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This article was published on January 25, 2013

Y Combinator adds first nonprofit startup Watsi to its next accelerator class

Y Combinator adds first nonprofit startup Watsi to its next accelerator class
Ken Yeung
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Ken Yeung

Ken Yeung is a reporter for The Next Web based in San Francisco, CA. He carries around a big camera & likes to write about tech, startup Ken Yeung is a reporter for The Next Web based in San Francisco, CA. He carries around a big camera & likes to write about tech, startups, parties, and interesting people. Follow him on Twitter, on Facebook, and Google+.

In what is a rare thing for Y Combinator, today Paul Graham announced that it had admitted a nonprofit startup into its latest batch of companies in its accelerator. Watsi, a service where donors can fund medical treatments for those in need, first came to Graham’s attention through postings on YC’s Hacker News site.

Through a post on the YC site, Graham, one of the co-founders of Y Combinator, says that the group had been thinking about including nonprofits into its ranks for a while. After it met with the Watsi founders, it decided to move forward with that vision. He explains that when the company first launched, it posted about itself on Hacker News and after receiving support from HN users, it wound up raising a “significant amount of money.”

Graham says that Watsi is one of the “more revolutionary things that I’d seen the Internet used for.” He believes that technology can be used to put a face on those in need. Instead of sharing status updates, what we ate for dinner, or other cosmetic issues, the service looks at people — something Graham says technology should be focused on: “The people who need help around the world are individuals, not news photos, and when you see them as individuals it’s hard to ignore them.”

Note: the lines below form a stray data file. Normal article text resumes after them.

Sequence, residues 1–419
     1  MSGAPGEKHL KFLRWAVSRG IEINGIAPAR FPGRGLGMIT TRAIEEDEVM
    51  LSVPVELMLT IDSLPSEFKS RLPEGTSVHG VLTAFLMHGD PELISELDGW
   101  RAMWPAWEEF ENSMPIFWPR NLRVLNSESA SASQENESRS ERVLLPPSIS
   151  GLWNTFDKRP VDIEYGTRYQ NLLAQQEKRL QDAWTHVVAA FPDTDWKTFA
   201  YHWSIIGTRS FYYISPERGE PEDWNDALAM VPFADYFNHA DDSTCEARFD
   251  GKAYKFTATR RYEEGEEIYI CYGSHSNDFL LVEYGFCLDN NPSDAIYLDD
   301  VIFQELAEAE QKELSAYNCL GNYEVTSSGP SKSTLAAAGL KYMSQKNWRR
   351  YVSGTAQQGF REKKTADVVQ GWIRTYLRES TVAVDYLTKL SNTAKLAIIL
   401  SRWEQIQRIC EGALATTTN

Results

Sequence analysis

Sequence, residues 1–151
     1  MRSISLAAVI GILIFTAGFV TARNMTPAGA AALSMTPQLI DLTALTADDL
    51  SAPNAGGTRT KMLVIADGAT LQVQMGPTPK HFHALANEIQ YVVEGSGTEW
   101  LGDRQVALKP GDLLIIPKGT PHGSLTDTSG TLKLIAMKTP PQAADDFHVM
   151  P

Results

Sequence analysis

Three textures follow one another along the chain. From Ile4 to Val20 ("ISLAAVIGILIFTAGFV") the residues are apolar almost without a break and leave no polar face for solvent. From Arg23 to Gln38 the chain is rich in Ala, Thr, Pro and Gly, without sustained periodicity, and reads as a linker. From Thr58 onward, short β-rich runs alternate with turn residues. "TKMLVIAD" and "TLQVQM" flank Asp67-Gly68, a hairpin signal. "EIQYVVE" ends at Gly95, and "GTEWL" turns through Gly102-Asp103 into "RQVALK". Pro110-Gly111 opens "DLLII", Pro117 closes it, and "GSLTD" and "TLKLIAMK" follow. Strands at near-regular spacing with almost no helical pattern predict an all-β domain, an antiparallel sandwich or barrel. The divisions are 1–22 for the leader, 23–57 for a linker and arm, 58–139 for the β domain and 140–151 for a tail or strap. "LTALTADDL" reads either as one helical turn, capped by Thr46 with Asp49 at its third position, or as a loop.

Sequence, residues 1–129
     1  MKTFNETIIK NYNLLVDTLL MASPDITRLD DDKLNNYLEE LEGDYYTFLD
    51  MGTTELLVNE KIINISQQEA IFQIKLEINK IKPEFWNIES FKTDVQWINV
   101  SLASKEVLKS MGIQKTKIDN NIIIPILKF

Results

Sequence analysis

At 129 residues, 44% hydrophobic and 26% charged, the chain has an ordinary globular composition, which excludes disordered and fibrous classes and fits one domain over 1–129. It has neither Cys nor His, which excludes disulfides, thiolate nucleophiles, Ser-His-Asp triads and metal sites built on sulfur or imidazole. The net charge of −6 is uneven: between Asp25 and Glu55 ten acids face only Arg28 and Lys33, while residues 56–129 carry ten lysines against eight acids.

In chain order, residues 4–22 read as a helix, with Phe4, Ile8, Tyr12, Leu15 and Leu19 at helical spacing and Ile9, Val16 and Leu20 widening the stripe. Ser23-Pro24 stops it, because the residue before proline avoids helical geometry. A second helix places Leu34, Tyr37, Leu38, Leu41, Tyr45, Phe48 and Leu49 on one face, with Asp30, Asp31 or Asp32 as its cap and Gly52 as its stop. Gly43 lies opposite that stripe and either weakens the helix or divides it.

Watsi is a global funding platform, think Kickstarter for the medical and health industry, or as NBC News calls it the ‘Kickstarter for third-world medical care’. It allows anyone to connect with a person that they would like to support, enable donations as little as $5 to help fund life-changing medical treatments, and receive updates on its outcome. The company says it is a 501(c)(3) nonprofit organization and believes that health care is a “fundamental human right”.

Co-founder Chase Adam says that Watsi came about when he was in a small village in Costa Rica and a woman approached him trying to sell something in an attempt to help raise funds for a medical treatment for her son:

When she reached me, I still had no idea what she was selling. Then the man next to me asked to see the red folder she was holding.

The instant she opened the folder everything came together. There was a photograph on one side and a document on the other. The photograph showed a young boy with an incision across the width of his stomach. The document described his medical condition. The young boy was her son.

In that moment I had what can only be described as an epiphany. If I could somehow connect this woman with my friends and family back home, she would have the money to pay for her son’s medical treatment within the day.

Patients that are supported by Watsi are those that “are afflicted with an illness that meets the treatment criteria and subsequently be unable to afford the required medical treatment as a result of poverty.” Additionally, the company says that patients “must be suffering from a condition that, if left untreated, is expected to severely impact their standard of living by general consensus in the local health community.” All treatments will follow the rule of being high impact and low cost (must be under $3,000).

Graham says that “At Watsi, 100% of your donations directly fund medical treatments. is separately funded. They pay all their operational costs from their own funding, and none from your donations. They even eat the credit card processing fees. So when you donate to Watsi, you never have the uncomfortable feeling that lots of your money will be eaten up by administrative costs. Your money has impact you can measure.”

The service is powered entirely from volunteers. It says that “in the spirit of transparency”, it has published its transparency Google document that displays the organization’s financials.

Photo credit: Joe Raedle/Getty Images